The CVJ tuberculosis results after the spread from primary site via hematogenous, lymphatic, or contiguous route.[13] It is the rarest of all spinal tuberculosis (incidence 0.3%–1%).[14] Involvement of occipital condyles is even rarer.[15],[16] In this case, there was fracture of the right occipital condyle extending to the ipsilateral hypoglossal canal leading to 12th nerve palsy in addition to the typical deformity. Cock robin posture was due to the ipsilateral muscle spasm and associated asymmetry of O-C1 joint with C1-C2 rotatory subluxation.

Three important issues were relevant in our patient and pose dilemma in decision-making when faced with such a case:

  1. Should one opt for a conservative treatment strategy in the face of a bony instability at CVJ?
  2. Is histopathological confirmation necessary before initiating ATT in radiologically suspected cases?
  3. What is the best nonoperative way of neck immobilization?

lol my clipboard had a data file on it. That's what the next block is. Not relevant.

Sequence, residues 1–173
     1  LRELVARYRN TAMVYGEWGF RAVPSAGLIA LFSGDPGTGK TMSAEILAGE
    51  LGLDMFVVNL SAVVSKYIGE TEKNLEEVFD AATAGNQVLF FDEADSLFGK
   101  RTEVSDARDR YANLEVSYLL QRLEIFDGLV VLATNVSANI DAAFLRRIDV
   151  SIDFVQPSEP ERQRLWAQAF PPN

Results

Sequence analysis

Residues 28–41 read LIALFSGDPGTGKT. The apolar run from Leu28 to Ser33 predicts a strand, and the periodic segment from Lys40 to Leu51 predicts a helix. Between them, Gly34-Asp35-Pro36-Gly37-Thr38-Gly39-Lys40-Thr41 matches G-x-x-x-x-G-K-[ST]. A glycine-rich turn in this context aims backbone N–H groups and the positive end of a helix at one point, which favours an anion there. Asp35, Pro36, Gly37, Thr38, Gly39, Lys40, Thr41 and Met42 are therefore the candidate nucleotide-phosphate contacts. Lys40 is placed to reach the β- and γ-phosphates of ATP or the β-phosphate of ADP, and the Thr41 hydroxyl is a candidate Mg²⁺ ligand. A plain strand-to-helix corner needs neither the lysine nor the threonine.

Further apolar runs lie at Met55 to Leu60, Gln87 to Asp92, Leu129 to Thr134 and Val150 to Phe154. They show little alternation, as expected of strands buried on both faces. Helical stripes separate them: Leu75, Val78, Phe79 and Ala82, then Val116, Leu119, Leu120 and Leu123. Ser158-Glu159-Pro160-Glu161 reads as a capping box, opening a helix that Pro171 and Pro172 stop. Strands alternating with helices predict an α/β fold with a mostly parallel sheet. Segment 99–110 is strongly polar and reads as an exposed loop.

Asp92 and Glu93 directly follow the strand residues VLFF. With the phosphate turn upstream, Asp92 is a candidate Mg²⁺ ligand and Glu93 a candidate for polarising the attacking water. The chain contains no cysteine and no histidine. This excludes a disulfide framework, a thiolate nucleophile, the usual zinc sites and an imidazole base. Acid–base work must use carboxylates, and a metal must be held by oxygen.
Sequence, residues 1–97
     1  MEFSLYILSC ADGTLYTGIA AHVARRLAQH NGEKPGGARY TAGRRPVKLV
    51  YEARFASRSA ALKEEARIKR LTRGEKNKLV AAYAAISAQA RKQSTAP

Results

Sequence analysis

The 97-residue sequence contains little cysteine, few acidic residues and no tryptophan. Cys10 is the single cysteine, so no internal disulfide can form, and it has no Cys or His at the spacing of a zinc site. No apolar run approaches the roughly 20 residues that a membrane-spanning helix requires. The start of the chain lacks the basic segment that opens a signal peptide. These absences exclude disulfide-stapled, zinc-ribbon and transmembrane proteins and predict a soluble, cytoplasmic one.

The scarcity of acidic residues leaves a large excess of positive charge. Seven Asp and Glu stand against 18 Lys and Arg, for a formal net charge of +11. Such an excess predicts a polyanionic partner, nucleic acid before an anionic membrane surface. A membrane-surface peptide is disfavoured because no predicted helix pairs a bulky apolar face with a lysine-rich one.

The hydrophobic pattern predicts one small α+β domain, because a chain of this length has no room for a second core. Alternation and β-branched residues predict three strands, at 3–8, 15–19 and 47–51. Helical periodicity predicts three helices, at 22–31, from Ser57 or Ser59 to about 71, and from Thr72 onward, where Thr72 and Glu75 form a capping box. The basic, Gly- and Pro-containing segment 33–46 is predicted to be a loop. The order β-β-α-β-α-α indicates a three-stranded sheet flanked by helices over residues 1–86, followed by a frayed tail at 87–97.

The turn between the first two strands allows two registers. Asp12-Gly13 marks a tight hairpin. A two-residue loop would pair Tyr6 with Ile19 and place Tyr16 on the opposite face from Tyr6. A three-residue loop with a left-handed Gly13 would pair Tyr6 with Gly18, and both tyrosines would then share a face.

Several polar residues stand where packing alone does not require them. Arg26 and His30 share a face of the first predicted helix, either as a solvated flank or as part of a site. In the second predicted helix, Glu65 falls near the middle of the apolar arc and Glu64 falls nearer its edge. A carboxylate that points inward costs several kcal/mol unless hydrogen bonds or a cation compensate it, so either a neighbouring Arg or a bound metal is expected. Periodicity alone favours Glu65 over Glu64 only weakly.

Surgery was not contemplated at this stage due to evidence of active disease and severe muscle spasm that would not allow realignment. This approach was followed in most of the reported cases of CVJ tuberculosis with OCS or rotatory atlantoaxial dislocation.[17] A course of ATT was given for 18 months and all patients had improved. Is surgery really required for CVJ instability? Many publications have strongly recommended conservative treatment, particularly in patients without a neurological deficit. We also treated along the conservative lines; however, the follow-up status of this patient at 3 months indicates that the patient will probably be cured of the disease but left with a deformity. This makes us wonder if surgical debridement, realignment, and fixation, followed by continuation of ATT, was a better treatment choice. Goel and Shah described unilateral facet fixation for CVJ tuberculosis.[18] Waiting with ATT may lead to bony fusion which would increase the operative difficulty if surgery becomes necessary later due to deformity or late myelopathy. It would most likely require an ipsilateral vertebral artery mobilization to gain access to the O-C1 and C1-C2 joints.[14],[15] In our patient, as the patient was responding well, a decision to continue the ATT was made. Absence of myelopathy and a progressive neurological deficit, with good response to ATT, favored a conservative management.[19] Dr. Goel highlighted the fact that CVJ tuberculosis may be managed conservatively in Stage II, provided there is no neurological deficit and patient is responding to drugs, in terms of pain.[1]